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2010 marks the centennial of the publication of the Flexner report . YJBM commemorates this anniversary with two articles from our archives: One chronicles the expansion of Yale’s medical school in the wake of the report’s publication; the other is a personal reminiscence written by Flexner for YJBM some 50 years ago. Together, these articles invite a reconsideration of an important moment in the history of 20th century American medical education.
At the beginning of the 20th century, the United States could boast some 150 medical schools nationwide. Most claimed to provide their students with training in anatomy, physiology, and newer laboratory sciences such as bacteriology; however, standards and quality of instruction, facilities, and access to clinical training varied widely from school to school. Many were organized as proprietary schools with no formal university affiliation. Abraham Flexner, appointed by the Carnegie Foundation at the behest of the American Medical Association, visited each U.S. school (as well as several Canadian institutions) to obtain a firsthand account of the state of medical education.
The Flexner report, based on his extensive touring of medical institutions, was published in 1910. Flexner found the majority of schools either wholly lacking in educational “rigor” or in need of significant improvement. As such, he devoted considerable space to criticizing contemporary medical education in the United States. Indeed, the highly publicized report sounded the death knell for more than half of U.S. medical schools in the 20 years that followed the report’s initial publication.
Despite his strongly worded critique of U.S. medical schools in general, the report did praise several medical institutions, including those affiliated with the universities of Michigan, Wake Forest, Harvard, and Johns Hopkins. Flexner considered the latter an ideal model for medical education: a formal college education requirement for admission coupled with a four-year, progressive medical curriculum placing substantial emphasis on clinical and basic sciences.
When Flexner visited Yale, he found medical education in favorable, though not ideal, conditions. The articles that follow show the personal commitment Flexner subsequently made to improving Yale's medical campus.
In an examination of Abraham Flexner’s relationship with the Yale University School of Medicine, Jordan M. Prutkin argues that Flexner figured centrally in the growth of the school. The paper highlights the importance of private foundations in the financing of education and research in a period before the federal government became a major grant source for medical schools. While Flexner sought to articulate a blueprint for systematic reform across the United States, his involvement at Yale reveals that implementing change could be a surprisingly personal, piecemeal affair. Prutkin’s article documents the changes realized at Yale post-Flexner, but also provides a fascinating “local” look into the tentative first steps toward academic medicine as we know it today.
The compilation of universities, hospitals, and medical schools into a single academic institution evolved gradually in the decades following the Flexner report. The second article, written by Flexner to honor former Yale medical school Dean Milton Winternitz, illustrates one such moment of changing relations between Yale University, the medical school, and the New Haven Hospital. With the medical campus in need of both greater revenue and access to patients for clinical training and research, reformers like Flexner and Winternitz worked to extend the hospital privileges of academic physicians and, later, medical students. Colorfully remembered by Flexner and examined in greater detail by Prutkin, both articles reflect on this transitional moment in the evolution of “modern” university hospital-based care.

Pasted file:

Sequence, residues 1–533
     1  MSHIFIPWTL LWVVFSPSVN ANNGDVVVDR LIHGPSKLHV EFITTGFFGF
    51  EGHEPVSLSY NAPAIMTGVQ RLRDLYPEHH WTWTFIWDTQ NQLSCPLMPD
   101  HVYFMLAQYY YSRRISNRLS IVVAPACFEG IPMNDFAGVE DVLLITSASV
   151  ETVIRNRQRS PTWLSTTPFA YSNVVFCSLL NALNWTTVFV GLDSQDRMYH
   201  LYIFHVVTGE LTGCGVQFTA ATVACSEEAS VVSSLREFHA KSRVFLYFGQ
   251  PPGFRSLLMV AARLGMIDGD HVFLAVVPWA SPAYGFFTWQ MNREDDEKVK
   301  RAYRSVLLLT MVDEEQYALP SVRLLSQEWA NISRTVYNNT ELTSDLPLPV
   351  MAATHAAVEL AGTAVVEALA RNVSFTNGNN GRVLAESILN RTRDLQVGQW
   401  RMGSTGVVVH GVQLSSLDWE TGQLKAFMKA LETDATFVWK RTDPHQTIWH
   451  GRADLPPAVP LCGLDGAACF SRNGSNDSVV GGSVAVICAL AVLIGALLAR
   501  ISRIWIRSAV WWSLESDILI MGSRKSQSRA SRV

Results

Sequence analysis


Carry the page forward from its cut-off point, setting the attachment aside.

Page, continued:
Since its initial publication, the Flexner report has been viewed as a pivotal moment in the emergence of a rigorous, “scientific” medical education curricula. Yet with the passage of time, our understanding of the report’s impact and role in medical education has been both broadened and qualified. While it undoubtedly articulated and raised modern standards of a “scientific” medical education, the resultant medical school closures curtailed opportunities for African Americans, ethnic minorities, women, and other underprivileged groups to enter the medical profession. A colorful exchange between Flexner and Yale President Arthur Hadley, contained in Flexner’s eulogium for Winternitz, offers off-handed yet revealing insight into considerations of race, religion, and class at one university in the early 20th century.
Lastly, while few schools met Flexner’s standard, several schools did, which reveals that educational reform in America did not come in one fell swoop. Rather, the report publicized and galvanized financial and philanthropic support for developments in medical education already under way at some medical schools. In this regard, the Flexner report was less a singular force of reform than a well-publicized statement of what many medical reformers already desired.
Ludmerer K. Learning to Heal: The Development of American Medical Education. New York: Basic Books; 1985.
Cooke M, Irby D, Sullivan W, Ludmerer K. American Medical Education 100 years after the Flexner Report. New Engl J Med. 2006;355(13):1339-44.